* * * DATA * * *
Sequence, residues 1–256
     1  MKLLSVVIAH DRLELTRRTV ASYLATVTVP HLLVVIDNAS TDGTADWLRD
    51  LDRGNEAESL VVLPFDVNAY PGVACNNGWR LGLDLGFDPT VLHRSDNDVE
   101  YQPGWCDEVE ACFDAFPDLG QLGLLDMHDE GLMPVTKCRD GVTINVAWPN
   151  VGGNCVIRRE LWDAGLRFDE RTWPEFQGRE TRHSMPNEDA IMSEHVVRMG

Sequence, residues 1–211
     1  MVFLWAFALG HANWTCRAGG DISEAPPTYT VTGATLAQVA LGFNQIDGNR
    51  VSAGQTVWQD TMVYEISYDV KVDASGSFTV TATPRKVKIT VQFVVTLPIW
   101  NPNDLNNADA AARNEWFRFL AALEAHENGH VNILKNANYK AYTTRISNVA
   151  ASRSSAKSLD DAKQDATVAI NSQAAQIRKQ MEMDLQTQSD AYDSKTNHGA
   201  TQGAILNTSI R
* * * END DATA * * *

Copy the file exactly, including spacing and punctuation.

Sequence, residues 1–256
     1  MKLLSVVIAH DRLELTRRTV ASYLATVTVP HLLVVIDNAS TDGTADWLRD
    51  LDRGNEAESL VVLPFDVNAY PGVACNNGWR LGLDLGFDPT VLHRSDNDVE
   101  YQPGWCDEVE ACFDAFPDLG QLGLLDMHDE GLMPVTKCRD GVTINVAWPN
   151  VGGNCVIRRE LWDAGLRFDE RTWPEFQGRE TRHSMPNEDA IMSEHVVRMG

Sequence, residues 1–211
     1  MVFLWAFALG HANWTCRAGG DISEAPPTYT VTGATLAQVA LGFNQIDGNR
    51  VSAGQTVWQD TMVYEISYDV KVDASGSFTV TATPRKVKIT VQFVVTLPIW
   101  NPNDLNNADA AARNEWFRFL AALEAHENGH VNILKNANYK AYTTRISNVA
   151  ASRSSAKSLD DAKQDATVAI NSQAAQIRKQ MEMDLQTQSD AYDSKTNHGA
   201  TQGAILNTSI R